Wednesday, 23 April 2014

Creeping Heartskin

Croceus Pruriocardiotoxicus

A Xenoc plant, which colonises the trunks of trees, preferentially evergreens.  It subdues native plant life, absorbing resins which are toxic to species of Kletterweed.  Whilst the aforementioned toxins do not kill Kletterweed, the hardiest of Xenoc plants, they can subdue growth.  Creeping Heartskin is a hemiparastic plant, analogous to Viscum album or Mistletoe.  Seeds germinate on the branches of susceptible trees, shoots growing along the substrate, some eventually forming a haustorium.

Like all Xenoc plants, the large amounts of pollen released – the phenomenon of ‘blanket pollination’ - obviate the need for insect pollination.  The flowers are small yellow cups that exude large quantities of pollen for a week or more.  These flowers contain unusual forms of carbohydrate which can undergo accelerated fermentation and this characteristic has been often used to manufacture spirits such as Firenshine.  The bittersweet taste of these fermentation products is also the product of the aforementioned carbohydrates.

When contact is made between the shoots or haustorium and human skin, a form of spongiotic dermatitis can occur.  This is a usually relatively harmless form of eczema, although vesiculation is often reported and in some cases, a form of toxic epidermolysis can ensue.  Cardiac toxicity is also one of the more serious sequelae of contact; arrhythmias can occur when antigenic complexes formed in the allergic reaction interfere with the functioning of Purkinje fibres.  For this reason, those who have come into recent contact with the Creeping Heartskin should undergo cardiac monitoring.  Such effects do not occur when contact is made with the blooms of the Creeping Heartskin and the fermented products of these are safe to drink, providing, as with all alcoholic beverages, one does not overindulge.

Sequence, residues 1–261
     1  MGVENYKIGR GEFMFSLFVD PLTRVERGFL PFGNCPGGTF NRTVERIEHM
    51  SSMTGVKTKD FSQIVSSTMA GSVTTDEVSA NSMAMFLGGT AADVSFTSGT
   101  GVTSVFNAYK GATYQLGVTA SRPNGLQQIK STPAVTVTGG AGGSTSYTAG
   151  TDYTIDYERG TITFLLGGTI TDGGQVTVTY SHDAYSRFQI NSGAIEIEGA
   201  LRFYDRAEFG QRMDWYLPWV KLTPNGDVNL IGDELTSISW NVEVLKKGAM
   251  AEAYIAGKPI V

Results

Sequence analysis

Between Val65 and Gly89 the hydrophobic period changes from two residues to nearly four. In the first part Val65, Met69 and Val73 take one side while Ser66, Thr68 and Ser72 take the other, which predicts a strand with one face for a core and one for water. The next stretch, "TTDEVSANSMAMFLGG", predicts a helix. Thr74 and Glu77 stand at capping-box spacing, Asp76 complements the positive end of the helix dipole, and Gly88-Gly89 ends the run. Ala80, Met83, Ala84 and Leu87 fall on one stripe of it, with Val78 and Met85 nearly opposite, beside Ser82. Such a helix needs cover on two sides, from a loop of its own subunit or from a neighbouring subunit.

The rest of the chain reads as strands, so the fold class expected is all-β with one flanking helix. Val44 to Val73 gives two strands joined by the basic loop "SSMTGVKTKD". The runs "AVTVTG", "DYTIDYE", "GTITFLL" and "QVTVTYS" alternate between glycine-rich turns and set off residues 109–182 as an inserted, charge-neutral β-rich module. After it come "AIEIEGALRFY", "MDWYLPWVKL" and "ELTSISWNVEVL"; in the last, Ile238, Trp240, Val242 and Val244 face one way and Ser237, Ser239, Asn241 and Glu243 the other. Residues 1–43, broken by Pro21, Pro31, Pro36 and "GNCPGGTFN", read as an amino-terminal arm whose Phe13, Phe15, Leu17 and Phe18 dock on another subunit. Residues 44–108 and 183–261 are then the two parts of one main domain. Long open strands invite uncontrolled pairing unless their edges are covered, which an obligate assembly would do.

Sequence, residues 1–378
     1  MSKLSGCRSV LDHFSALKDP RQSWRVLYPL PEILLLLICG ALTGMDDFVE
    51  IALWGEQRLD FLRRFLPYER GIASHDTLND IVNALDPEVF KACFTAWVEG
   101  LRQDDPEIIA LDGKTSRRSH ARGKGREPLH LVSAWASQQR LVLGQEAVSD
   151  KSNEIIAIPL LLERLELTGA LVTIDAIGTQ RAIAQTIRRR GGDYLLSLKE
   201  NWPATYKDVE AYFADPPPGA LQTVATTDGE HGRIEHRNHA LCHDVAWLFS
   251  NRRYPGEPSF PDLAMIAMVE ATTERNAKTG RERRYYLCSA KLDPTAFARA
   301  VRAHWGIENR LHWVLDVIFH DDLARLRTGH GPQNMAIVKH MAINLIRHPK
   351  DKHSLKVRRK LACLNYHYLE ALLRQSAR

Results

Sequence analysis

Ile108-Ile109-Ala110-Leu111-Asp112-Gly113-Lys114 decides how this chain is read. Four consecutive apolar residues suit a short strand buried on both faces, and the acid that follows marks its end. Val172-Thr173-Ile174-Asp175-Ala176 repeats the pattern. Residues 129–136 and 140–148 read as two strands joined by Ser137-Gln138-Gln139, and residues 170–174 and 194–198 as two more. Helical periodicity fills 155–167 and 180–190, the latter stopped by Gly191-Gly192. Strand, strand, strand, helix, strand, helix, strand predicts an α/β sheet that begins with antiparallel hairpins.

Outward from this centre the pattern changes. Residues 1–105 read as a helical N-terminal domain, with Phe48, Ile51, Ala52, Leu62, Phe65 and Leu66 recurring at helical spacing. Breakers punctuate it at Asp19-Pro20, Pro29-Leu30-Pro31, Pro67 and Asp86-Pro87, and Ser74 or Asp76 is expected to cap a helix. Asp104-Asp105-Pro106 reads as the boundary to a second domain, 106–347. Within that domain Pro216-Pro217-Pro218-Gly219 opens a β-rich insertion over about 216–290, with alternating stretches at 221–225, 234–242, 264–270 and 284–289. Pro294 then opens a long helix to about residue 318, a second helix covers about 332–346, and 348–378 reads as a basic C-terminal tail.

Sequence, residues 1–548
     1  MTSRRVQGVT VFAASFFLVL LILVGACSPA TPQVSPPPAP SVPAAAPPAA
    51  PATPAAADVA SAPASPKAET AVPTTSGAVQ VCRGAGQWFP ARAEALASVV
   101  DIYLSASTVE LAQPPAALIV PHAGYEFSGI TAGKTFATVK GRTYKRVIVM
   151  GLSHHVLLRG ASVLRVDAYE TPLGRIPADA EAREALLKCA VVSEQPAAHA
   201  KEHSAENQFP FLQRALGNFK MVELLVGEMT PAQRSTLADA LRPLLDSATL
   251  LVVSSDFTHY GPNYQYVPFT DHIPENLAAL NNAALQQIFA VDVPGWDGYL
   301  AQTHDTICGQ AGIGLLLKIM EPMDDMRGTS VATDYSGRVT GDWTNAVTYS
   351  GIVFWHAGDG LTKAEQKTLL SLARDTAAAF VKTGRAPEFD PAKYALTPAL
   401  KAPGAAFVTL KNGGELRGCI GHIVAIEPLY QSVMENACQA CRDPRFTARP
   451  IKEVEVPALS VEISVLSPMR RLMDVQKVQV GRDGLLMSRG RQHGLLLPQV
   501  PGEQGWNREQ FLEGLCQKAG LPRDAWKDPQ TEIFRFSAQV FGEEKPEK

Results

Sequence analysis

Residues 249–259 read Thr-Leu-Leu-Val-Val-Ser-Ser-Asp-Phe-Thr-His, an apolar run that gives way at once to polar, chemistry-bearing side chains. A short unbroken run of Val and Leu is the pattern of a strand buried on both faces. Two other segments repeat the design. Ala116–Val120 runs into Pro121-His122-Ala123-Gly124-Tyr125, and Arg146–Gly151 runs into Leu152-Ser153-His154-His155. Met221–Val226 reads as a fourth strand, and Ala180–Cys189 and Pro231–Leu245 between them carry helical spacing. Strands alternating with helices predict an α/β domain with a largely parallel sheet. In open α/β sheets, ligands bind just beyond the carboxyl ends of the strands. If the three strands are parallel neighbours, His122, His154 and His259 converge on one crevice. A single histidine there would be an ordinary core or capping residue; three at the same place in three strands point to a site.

References



Eventhrall J.  Case series: Croceus Pruriocardiotoxicus and toxic epidermal necrolysis – a rare reaction to skin contact. Xen Med J 2151; 4 (15-20)

Eventhrall J.  Croceus Pruriocardiotoxicus – a review of the pathological effects, their mechanisms and current recommended treatment regimes. Clin Xen Med 2152; 3 (45-71)

©Guy T Martland, 2014

As promised - some stuff relating to the new novel... I wrote this as background to the botany featured in the book.  There are other segments concerning other species, some of which are alluded to above, although I haven't worked out what I want to do with them all yet - maybe some kind of appendix?  Needless to say, my protagonist does, of course, overindulge.

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